If you’ve witnessed the flow of water in Maligne Canyon, a visit to Medicine Lake is a must, because this is where it all goes. Well, this is where it is supposed to go at least. When autumn starts, the body of water disappears and leaves a mere trickle. This phenomenon has mystified people for thousands of years. Medicine Lake earned its name from the Native Indians who believed its ebb and flow was magical, like medicine.
In an attempt to understand the flow of water, or the lack thereof, you can look at where the water originates. Located 9 miles (16 kilometers) upstream from the canyon, picturesque Maligne Lake spills into the Maligne River. In summer, glacier melt water cuts through Maligne Canyon and reaches Medicine Lake, to the point of overflowing. Even now, experts are unsure where the water disappears to. What is known is that it likely has one of the most extensive, and inaccessible, underground cave systems in the world with hidden sinkholes. Technically, Medicine Lake is not a lake at all: It is a sinking river!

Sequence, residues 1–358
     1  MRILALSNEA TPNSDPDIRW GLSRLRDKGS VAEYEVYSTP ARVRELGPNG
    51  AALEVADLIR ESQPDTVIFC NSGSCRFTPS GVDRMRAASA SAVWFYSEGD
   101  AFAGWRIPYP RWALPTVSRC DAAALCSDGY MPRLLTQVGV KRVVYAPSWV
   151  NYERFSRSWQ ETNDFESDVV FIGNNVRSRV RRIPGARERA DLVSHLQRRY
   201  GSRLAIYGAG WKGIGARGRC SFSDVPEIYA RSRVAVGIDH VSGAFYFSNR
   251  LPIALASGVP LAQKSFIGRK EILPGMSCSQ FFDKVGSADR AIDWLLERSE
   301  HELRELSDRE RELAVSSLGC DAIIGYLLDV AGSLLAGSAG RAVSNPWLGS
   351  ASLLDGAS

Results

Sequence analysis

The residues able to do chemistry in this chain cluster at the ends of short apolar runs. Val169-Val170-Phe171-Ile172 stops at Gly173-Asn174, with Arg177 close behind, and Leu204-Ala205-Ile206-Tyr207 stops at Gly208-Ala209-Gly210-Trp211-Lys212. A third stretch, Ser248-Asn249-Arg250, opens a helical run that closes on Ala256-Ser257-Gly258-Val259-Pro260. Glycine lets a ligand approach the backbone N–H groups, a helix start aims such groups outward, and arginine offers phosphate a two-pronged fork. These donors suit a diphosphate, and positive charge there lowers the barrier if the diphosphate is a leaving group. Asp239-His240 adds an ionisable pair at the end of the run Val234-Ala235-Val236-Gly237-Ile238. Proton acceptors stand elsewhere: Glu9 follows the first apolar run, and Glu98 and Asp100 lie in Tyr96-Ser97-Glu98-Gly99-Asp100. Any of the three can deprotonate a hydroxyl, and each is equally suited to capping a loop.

In summer, the fishing on Medicine Lake is excellent. Rainbow and brook trout populate the waters. Rent a boat to get out on the water. If you’d rather photograph the wildlife than eat it, keep an eye out for the likes of bears, caribous, wolves, and moose. Birds of prey are often seen swooping down on the lake to capture fish.
For those looking to stay a while longer, Medicine Lake Provincial Recreation Area has over 40 campgrounds open in the warmer months. Some are located near the water’s edge. If you want the experience of cooking the day’s catch under the aspen and spruce trees, there is no better place to do it.
Medicine Lake is located about 12 miles (20 kilometers) southeast of Jasper, along the scenic Icefields Parkway. While the views and activities are better in summer, it is a fascinating site to see any time of year.